Jump to ContentJump to Main Navigation
The Architecture of the ImaginationNew Essays on Pretence, Possibility, and Fiction$
Users without a subscription are not able to see the full content.

Shaun Nichols

Print publication date: 2006

Print ISBN-13: 9780199275731

Published to Oxford Scholarship Online: May 2007

DOI: 10.1093/acprof:oso/9780199275731.001.0001

Show Summary Details
Page of

PRINTED FROM OXFORD SCHOLARSHIP ONLINE (oxford.universitypressscholarship.com). (c) Copyright Oxford University Press, 2020. All Rights Reserved. An individual user may print out a PDF of a single chapter of a monograph in OSO for personal use. date: 23 November 2020

Imaginative Blocks and Impossibility: An Essay in Modal Psychology

Imaginative Blocks and Impossibility: An Essay in Modal Psychology

Chapter:
(p.237) 12 Imaginative Blocks and Impossibility: An Essay in Modal Psychology
Source:
The Architecture of the Imagination
Author(s):

Shaun Nichols

Publisher:
Oxford University Press
DOI:10.1093/acprof:oso/9780199275731.003.0012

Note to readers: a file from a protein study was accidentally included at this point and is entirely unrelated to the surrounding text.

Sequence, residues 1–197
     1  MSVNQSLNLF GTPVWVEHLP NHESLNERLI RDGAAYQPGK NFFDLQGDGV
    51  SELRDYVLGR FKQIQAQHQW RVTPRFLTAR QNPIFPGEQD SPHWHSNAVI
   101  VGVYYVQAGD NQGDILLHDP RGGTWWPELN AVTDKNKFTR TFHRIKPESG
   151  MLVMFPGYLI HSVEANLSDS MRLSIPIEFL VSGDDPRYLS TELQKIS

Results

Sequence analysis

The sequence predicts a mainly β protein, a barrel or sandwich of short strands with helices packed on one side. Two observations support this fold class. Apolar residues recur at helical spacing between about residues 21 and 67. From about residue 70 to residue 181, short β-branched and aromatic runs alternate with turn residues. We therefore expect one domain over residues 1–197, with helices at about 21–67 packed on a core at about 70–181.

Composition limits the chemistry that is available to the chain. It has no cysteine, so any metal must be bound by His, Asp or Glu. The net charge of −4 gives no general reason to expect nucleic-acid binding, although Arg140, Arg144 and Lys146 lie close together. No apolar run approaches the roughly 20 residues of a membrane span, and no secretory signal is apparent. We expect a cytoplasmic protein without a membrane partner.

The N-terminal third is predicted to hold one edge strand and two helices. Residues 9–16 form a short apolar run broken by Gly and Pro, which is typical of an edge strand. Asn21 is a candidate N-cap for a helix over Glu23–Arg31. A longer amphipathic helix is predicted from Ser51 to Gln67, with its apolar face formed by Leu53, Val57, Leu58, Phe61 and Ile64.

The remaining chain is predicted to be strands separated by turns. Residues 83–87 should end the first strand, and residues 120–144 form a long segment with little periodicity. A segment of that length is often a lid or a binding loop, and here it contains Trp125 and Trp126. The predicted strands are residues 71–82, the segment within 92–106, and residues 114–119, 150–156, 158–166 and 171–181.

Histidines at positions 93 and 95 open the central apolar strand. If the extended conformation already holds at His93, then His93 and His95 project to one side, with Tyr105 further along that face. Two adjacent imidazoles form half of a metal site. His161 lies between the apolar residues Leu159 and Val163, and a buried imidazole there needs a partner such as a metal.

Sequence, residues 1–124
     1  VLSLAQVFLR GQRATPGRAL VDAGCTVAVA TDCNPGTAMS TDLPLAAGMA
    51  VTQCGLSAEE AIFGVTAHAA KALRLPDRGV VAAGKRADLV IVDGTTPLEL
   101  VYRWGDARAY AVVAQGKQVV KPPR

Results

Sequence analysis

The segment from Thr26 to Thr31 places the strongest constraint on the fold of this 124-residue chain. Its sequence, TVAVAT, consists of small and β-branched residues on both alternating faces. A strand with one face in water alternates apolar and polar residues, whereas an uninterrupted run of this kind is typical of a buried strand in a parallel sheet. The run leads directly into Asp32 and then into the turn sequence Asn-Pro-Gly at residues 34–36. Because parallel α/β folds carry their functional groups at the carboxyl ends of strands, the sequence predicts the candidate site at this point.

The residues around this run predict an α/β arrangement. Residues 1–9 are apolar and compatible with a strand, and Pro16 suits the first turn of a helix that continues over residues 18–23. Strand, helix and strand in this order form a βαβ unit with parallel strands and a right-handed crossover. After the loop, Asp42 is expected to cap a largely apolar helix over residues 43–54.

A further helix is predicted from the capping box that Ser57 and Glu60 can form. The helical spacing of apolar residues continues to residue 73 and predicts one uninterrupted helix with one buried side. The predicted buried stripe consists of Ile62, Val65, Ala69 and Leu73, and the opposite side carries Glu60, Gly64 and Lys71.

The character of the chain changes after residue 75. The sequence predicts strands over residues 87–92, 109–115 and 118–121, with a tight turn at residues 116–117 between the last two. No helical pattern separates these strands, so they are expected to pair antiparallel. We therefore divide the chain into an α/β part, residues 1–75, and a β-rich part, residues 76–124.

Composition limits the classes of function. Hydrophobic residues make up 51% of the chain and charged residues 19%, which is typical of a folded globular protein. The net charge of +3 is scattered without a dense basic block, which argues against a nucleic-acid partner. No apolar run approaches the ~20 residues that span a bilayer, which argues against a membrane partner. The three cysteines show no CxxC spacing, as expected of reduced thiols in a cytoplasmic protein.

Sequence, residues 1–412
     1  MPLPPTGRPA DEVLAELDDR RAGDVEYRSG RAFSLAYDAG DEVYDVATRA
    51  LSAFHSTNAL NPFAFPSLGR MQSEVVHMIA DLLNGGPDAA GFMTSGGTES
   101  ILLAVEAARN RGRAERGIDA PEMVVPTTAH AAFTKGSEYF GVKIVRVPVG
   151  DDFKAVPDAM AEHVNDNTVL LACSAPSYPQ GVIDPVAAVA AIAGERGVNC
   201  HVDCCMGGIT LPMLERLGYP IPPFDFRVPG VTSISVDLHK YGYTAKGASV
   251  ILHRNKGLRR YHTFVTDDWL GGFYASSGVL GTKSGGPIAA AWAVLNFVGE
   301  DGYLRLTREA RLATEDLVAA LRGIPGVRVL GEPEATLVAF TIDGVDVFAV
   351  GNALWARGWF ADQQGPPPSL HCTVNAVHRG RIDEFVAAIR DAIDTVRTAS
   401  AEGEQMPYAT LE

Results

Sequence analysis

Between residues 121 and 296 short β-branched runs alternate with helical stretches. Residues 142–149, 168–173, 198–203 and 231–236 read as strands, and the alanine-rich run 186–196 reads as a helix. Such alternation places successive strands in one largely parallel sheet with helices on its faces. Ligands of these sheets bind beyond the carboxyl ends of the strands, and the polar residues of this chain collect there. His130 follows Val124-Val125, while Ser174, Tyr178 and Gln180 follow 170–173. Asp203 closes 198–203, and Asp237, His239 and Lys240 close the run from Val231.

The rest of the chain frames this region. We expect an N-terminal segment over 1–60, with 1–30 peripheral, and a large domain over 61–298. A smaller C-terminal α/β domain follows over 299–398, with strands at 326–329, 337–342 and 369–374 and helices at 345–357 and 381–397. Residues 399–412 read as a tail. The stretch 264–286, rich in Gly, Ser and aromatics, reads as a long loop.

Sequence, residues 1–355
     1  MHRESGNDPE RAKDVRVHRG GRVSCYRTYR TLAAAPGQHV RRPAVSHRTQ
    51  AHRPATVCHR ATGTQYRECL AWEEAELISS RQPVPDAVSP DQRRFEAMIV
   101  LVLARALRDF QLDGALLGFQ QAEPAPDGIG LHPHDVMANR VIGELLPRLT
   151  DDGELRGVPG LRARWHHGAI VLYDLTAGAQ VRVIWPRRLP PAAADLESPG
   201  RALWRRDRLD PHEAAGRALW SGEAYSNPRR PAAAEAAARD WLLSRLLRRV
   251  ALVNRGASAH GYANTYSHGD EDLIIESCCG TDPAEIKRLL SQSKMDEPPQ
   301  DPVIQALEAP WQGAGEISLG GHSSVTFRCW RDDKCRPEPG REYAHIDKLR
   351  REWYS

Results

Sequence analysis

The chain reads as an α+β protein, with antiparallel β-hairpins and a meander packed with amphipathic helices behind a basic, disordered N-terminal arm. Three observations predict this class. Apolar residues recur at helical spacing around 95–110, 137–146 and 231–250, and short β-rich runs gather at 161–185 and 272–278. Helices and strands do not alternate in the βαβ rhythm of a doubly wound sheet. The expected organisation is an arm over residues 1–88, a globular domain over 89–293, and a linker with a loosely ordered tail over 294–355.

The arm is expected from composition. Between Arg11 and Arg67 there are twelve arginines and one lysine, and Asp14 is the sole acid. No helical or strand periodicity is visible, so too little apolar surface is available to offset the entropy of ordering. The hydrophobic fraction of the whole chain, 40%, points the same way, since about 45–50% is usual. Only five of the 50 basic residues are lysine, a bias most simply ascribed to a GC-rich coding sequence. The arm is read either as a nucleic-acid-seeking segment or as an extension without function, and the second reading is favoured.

This chapter presents an account of the psychological underpinnings of moral judgment, based on considerations on moral judgment in children and on recent cognitivist approaches to the imagination. It argues that children's modal judgements often emerge from imaginative activities, suggesting that there is a causal connection between, for example, imaginative failures (of certain sorts) and judgements of impossibility. This causal pathway is also plausibly implicated in judgments of absolute impossibility. These more fundamental judgments derive from ‘imaginative blocks’, natural restrictions on the imagination. Those imaginative restrictions themselves can be explained by recent cognitivist approaches to the imagination, according to which imagination-representations will be processed by inferential mechanisms in the same way as isomorphic beliefs.

Keywords:   children, moral judgement, cognitivist approach, imagination, modality, possibility, single code

Oxford Scholarship Online requires a subscription or purchase to access the full text of books within the service. Public users can however freely search the site and view the abstracts and keywords for each book and chapter.

Please, subscribe or login to access full text content.

If you think you should have access to this title, please contact your librarian.

To troubleshoot, please check our FAQs , and if you can't find the answer there, please contact us .